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Why School Archive Projects Work

The most valuable possession any person has is their story, their history, the reasons they will be remembered.

Children of poverty make up most of our urban school systems. They rarely raise above the struggle of meeting basic human needs long enough to even think about their history.  To often it is not passed on to them. They do not know it. They have never thought about it.  They have not written it. Nobody has recorded it for them. They worry about their parent's jobs and the next pay check, the next weekend. This lack of a past often leads to a lack of goals for the future. Time for a personal history, time to think of goals 10 years in the future, is unheard of. You plan forward for a week, not a decade.

Thus mistakes are made.

Dropouts happen in a world without goals, and too often isolated from the world outside their neighborhood.

Students do not realize they are creating a history for themselves, and their future children, every day. They simply need to record it.  They need to connect with a bigger picture of life.

The best parents and teachers work to help their children and students connect with their personal history and life goals.  Such work by parents and teachers is common. Life goals are the topic of hundreds of thousands of personal conversations among teachers, parents, students, and classmates every day. An Archive Project only helps life goals and history to become more concrete with a place to store that history, and those goals, as they existed at one time in a child's life.

A School Archive is a resource for parents, teachers, and students in their work for the future.

With an Archive Project a school provides a focus on personal history and life goals. Students are given a place, time, and encouragement to think of that history.  They can record their past and their plans for the future. They can make it be something more, possibly what they want! Then they can come back, re-examine what they have done, and share their experience with students following them a decade later. They can help change lives by returning to their class 10-year reunion and volunteering to talk with the decade younger students.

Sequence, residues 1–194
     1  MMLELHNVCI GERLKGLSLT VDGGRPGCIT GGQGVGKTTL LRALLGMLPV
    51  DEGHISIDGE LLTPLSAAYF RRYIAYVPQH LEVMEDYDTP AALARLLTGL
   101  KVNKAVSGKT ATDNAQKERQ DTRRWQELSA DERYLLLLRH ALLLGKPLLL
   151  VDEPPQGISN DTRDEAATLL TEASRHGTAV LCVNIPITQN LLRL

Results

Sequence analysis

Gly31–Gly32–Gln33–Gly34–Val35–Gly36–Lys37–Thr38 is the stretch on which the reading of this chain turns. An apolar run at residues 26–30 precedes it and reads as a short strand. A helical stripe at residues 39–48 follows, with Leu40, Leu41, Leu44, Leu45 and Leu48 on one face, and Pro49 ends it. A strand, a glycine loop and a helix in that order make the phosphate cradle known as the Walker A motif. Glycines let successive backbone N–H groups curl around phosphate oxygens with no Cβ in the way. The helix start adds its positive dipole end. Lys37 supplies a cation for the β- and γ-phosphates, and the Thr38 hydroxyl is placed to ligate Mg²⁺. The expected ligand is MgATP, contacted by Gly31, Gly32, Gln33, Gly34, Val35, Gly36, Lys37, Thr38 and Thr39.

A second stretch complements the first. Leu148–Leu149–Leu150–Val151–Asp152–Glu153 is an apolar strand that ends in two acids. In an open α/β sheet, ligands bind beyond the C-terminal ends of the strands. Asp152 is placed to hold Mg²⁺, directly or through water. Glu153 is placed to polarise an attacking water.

All along the way the School Archive and "the letter" can be an opportunity for many priceless conversations with parents, teachers and classmates.

Everyone makes mistakes, but we are a community. You help those who follow you to do better. That is how we all will be remembered.  The central and most memorable part of the School Archive Project process will become the 10-year 8th grade reunion.  The mentoring provided by returning students to current students, and the feedback to former teachers, will be a priceless gold mine of information for all involved.  We just need to pay attention to what is said.

"I am making a history" is the message of the Archive Project. Time is passing. Do not let it be wasted!

The Archive Project is not leading to new conversations about new topics, only more of them, maybe in more depth, and with many students who never had conversations about their future before.

It is because the Archive Project is ultimately not creating new thoughts, nothing not already being discussed, or considered, in other settings, that it can claim to need only a "$2 per 8th grade student" budget. It only provides a visible and secure place to store the product of those conversations and thoughts: one version of a life history and the priceless life goals. Thus those valuable conversations happen more often, expand on the topic of the future, and more students stay in school.

What would you do differently if you were 13 again?

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